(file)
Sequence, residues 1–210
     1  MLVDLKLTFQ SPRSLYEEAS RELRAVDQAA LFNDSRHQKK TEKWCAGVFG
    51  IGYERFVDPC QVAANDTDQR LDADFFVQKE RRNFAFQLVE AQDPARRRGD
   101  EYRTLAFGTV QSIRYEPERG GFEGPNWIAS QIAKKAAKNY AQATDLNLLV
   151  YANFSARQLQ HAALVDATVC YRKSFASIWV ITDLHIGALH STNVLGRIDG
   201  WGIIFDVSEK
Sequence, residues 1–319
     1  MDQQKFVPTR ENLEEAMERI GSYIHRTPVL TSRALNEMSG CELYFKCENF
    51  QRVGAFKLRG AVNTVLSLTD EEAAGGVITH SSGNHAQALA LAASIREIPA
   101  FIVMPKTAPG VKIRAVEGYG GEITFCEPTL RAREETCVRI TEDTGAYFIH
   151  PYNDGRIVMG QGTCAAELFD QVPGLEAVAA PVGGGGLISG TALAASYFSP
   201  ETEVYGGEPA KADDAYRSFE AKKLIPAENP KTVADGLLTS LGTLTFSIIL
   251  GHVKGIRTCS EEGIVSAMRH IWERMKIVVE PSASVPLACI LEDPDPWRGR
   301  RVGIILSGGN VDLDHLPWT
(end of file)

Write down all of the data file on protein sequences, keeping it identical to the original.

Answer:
Sequence, residues 1–210
     1  MLVDLKLTFQ SPRSLYEEAS RELRAVDQAA LFNDSRHQKK TEKWCAGVFG
    51  IGYERFVDPC QVAANDTDQR LDADFFVQKE RRNFAFQLVE AQDPARRRGD
   101  EYRTLAFGTV QSIRYEPERG GFEGPNWIAS QIAKKAAKNY AQATDLNLLV
   151  YANFSARQLQ HAALVDATVC YRKSFASIWV ITDLHIGALH STNVLGRIDG
   201  WGIIFDVSEK
Sequence, residues 1–319
     1  MDQQKFVPTR ENLEEAMERI GSYIHRTPVL TSRALNEMSG CELYFKCENF
    51  QRVGAFKLRG AVNTVLSLTD EEAAGGVITH SSGNHAQALA LAASIREIPA
   101  FIVMPKTAPG VKIRAVEGYG GEITFCEPTL RAREETCVRI TEDTGAYFIH
   151  PYNDGRIVMG QGTCAAELFD QVPGLEAVAA PVGGGGLISG TALAASYFSP
   201  ETEVYGGEPA KADDAYRSFE AKKLIPAENP KTVADGLLTS LGTLTFSIIL
   251  GHVKGIRTCS EEGIVSAMRH IWERMKIVVE PSASVPLACI LEDPDPWRGR
   301  RVGIILSGGN VDLDHLPWT